A group of repetitive sequences, known as the Family of Repeats (FR), is a critical cis-acting sequence required for EBV latent infection. The FR sequences are heterogeneous among EBV strains, and they are sometimes subject to partial deletion when subcloned in E. coli-based cloning vectors. However, the FR stability in EBV-BAC (bacterial artificial chromosome) system has never been investigated. We found that the full length FR of the Akata strain EBV was not stably maintained in a BAC vector. By contrast, newly obtained BAC clones of the B95-8 strain of EBV stably maintained the full length FR during recombinant virus production and B-cell transformation. Investigation of primary DNA sequences of Akata–derived EBV-BAC clones indicates that the FR instability is most likely due to a putative secondary structure of the FR region. We conclude that the FR instability in EBV-BAC clones can be a pitfall in E. coli-mediated EBV genetics.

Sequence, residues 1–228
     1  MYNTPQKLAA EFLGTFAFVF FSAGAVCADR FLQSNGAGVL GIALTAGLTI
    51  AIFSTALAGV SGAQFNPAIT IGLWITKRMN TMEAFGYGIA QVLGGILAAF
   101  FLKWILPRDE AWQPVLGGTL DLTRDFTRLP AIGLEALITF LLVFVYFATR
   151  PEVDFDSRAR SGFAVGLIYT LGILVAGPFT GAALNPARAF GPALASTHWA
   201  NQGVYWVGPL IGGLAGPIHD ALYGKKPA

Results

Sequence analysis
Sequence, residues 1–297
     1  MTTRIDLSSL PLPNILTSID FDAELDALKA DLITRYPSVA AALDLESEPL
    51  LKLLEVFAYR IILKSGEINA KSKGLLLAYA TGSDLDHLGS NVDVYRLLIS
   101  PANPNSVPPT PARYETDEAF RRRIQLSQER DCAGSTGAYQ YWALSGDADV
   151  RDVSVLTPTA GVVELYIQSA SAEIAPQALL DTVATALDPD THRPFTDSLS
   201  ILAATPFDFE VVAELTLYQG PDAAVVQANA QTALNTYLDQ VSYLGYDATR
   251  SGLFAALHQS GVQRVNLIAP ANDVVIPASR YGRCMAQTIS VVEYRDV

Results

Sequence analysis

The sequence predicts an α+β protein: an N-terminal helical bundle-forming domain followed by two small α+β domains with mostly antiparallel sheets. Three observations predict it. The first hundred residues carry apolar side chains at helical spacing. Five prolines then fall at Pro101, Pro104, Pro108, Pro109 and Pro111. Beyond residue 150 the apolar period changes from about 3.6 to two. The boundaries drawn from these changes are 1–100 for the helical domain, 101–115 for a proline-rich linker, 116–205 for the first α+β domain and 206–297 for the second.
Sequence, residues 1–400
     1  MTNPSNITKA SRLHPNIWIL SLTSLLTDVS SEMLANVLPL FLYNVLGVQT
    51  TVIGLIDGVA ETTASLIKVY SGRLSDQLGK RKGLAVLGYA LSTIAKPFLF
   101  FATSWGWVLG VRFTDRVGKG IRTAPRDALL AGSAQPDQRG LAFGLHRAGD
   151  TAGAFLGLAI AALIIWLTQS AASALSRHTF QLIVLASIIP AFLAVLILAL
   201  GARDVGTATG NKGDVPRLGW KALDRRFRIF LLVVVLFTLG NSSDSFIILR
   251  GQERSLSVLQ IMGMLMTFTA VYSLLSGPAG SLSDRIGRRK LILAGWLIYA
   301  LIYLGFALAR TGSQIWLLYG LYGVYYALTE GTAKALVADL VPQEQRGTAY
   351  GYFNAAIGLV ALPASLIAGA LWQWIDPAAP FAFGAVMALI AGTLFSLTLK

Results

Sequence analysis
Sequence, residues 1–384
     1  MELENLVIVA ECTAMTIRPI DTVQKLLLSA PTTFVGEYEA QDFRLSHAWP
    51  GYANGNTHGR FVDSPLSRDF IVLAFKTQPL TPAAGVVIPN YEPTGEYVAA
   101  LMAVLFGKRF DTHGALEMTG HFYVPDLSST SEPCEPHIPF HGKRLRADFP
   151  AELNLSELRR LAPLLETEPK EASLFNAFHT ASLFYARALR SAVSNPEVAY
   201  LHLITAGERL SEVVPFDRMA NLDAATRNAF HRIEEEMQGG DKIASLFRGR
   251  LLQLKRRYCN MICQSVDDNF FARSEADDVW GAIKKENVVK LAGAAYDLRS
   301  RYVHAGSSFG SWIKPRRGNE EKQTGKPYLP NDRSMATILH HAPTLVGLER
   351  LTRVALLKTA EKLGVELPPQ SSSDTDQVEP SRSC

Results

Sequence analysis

Introduction

Epstein-Barr Virus (EBV), a member of the gamma herpesvirus family, is a human tumor virus that is associated with various neoplastic diseases, such as Burkitt's lymphoma, nasopharyngeal carcinoma, Hodgkin's lymphoma, and opportunistic lymphomas in immunosuppressed transplantation recipients [1]. The EBV genome is a linear, double-stranded, 175-kb genome, in which more than 80 viral genes are encoded [2], [3]. Like other members of the herpesvirus family, the EBV genome contains multiple repetitive sequences. For example, the genome has four major internally located repeats (Internal Repeats, IR1 through 4), as well as terminally located repeats (Terminal Repeats, TR) on both ends of its linear genome [3]. When EBV infects cells, the genome becomes an episome (double-stranded circular genome) with a characteristic number of TRs [4]. In addition, the EBV genomes have another group of repetitive sequences, designated as Family of Repeats (FR) [2], [5], [6], which are located within the oriP region of the genome [7]. These repetitive sequences (IRs, TR, and FR) consist of unique sequences within loci made up of varied numbers of repeats.